B2B Communications: A Welcome ICO Turnaround

March 22, 2018

The question of what constitutes
a B2B communication is applicable when considering the GDPR, specifically in
relation to marketing. It had been thought that all marketing emails to an
organisation which were sent without prior consent would need to be sent to info@company.com or sales-team@company.com ie avoiding the
use of personal data. With this in mind, it was thought that the marketing
industry was going to hit some rather large hurdles when continuing their
business post GDPR-Day. Obvious questions were raised by some of our clients,
for example, what if the recipient of the emails sent to info@company.com does not escalate the
marketing email to the correct individual at the organisation, or does not
escalate it at all? What happens if the recipient at sales-team@company.com is not aware of
the corporate requirements for the specific service that is being promoted?

In December 2017 we asked the
Information Commissioner’s Office some of these questions, amongst others, and
their response was that the only way
to electronically market services or products to a company was to do so using
an email address that did not contain personal data unless consent had
previously been obtained from the recipient to send such emails. This left open
the question of whether, if the company had purchased or discussed the purchase
of the same or similar products before and was thus deemed to have given a ‘soft
opt-in’ consent, that would be deemed consent from its individual employees
too. We were then told that if we wish to send marketing to an individual
without obtaining consent we would need to send it in the post, in order to be
compliant with the Privacy and
Electronic Communications Regulations 2003. Of course, the thought of having to
market everything via the post is ridiculous, especially in the digital age we
all live and work in, not to mention the fact that GDPR does not differentiate
between different forms of communication, ie postal marketing is not exempt
from GDPR as it is from PECR.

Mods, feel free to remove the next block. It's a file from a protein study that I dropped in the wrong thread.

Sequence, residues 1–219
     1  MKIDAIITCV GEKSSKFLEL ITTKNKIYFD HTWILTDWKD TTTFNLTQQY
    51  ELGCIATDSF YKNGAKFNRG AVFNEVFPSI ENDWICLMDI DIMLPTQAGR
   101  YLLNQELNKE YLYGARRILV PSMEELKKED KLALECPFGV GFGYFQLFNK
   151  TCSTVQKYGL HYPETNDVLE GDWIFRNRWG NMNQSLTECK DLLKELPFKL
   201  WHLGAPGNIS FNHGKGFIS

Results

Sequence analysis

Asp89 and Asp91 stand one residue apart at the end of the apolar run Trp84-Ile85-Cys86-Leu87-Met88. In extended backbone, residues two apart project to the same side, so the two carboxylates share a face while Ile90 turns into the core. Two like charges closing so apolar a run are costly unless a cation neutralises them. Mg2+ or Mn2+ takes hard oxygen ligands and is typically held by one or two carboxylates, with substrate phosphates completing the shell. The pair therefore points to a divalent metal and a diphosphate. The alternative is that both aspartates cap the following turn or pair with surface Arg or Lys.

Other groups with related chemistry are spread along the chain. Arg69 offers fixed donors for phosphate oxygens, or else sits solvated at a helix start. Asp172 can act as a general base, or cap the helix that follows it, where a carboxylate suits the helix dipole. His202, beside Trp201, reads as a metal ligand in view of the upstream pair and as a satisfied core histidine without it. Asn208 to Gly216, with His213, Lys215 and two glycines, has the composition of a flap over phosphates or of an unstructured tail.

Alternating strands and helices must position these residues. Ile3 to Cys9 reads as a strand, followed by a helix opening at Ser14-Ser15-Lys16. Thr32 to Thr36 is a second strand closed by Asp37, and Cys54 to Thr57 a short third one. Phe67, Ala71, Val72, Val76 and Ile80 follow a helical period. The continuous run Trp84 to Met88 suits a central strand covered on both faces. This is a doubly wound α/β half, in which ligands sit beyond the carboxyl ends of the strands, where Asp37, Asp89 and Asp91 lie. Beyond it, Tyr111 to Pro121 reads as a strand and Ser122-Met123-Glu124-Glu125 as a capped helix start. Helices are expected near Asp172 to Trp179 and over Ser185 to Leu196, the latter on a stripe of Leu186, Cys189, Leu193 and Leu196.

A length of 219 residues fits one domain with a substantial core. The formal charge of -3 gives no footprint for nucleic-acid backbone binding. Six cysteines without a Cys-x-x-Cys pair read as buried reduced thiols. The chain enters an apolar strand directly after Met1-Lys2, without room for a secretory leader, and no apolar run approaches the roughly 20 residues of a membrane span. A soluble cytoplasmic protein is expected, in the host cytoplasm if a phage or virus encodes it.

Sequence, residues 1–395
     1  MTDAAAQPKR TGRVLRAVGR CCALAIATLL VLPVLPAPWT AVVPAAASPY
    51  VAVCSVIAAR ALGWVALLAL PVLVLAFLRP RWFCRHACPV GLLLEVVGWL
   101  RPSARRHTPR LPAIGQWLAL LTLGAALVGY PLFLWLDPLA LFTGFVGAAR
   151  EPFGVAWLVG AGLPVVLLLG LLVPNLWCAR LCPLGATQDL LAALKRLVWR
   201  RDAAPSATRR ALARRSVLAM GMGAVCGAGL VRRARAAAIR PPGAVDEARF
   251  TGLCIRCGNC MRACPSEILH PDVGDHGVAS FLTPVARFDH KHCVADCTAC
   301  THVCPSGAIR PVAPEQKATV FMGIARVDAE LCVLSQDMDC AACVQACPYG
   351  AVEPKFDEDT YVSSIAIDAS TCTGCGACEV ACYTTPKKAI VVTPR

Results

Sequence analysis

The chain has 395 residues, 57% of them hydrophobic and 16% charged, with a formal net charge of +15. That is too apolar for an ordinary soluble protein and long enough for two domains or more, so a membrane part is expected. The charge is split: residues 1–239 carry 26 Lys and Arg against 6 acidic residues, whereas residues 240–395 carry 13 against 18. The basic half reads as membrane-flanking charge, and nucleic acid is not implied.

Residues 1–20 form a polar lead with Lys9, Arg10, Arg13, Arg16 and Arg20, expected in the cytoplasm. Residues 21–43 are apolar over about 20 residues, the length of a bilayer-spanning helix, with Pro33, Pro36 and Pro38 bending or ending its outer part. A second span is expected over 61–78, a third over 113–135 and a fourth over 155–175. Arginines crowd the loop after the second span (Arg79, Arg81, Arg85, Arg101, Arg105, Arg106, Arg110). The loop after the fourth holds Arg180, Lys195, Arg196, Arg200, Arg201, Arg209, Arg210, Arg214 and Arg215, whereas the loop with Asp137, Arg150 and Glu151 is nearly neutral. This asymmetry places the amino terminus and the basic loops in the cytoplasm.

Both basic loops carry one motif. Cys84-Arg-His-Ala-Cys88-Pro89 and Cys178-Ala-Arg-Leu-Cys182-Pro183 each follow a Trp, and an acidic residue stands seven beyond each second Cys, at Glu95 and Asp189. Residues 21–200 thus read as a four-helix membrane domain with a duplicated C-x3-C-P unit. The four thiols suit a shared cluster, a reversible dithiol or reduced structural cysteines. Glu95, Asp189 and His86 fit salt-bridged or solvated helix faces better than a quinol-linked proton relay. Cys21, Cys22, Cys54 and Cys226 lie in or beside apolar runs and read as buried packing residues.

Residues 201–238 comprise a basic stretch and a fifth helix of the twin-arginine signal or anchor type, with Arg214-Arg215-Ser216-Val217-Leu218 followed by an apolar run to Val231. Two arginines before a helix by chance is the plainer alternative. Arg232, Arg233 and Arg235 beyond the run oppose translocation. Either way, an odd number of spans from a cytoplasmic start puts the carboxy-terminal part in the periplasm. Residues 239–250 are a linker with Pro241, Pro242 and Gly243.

This led to the question of how
consent could be obtained; how is it possible to ask for consent from an
individual when it has been decided by the ICO that a request for consent is
considered marketing (Honda and Flybe Cases)? The response we received from the
ICO information officer was that, in order to be compliant with PECR, and
prepare for GDPR, we would need to ask for consent from the individual by post
before GDPR-Day, provided that individual had not previously rejected a request
for consent. We should also make sure that such requested consents were GDPR
compliant; we could then rely on them once GDPR comes in to force on 25 May
2018. The ICO information officer’s advice was to obtain the necessary consents
prior to GDPR-Day but it did not solve the issue of how to obtain consent post

This has now all changed; the ICO have thankfully done a
complete U-turn with regard to their view on what constitutes a B2B
communication and their approach to marketing, providing some much-needed
answers to questions we have raised in previous articles. Recent guidance
released on the ICO website, ‘The
rules around business to business marketing, the GDPR and PECR
’, states that an email address containing personal
data, eg gemmabriance@warnergoodman.co.uk
(‘an identifiable business address’), falls under the definition of corporate
subscriber (see below) and therefore the approach to marketing is somewhat different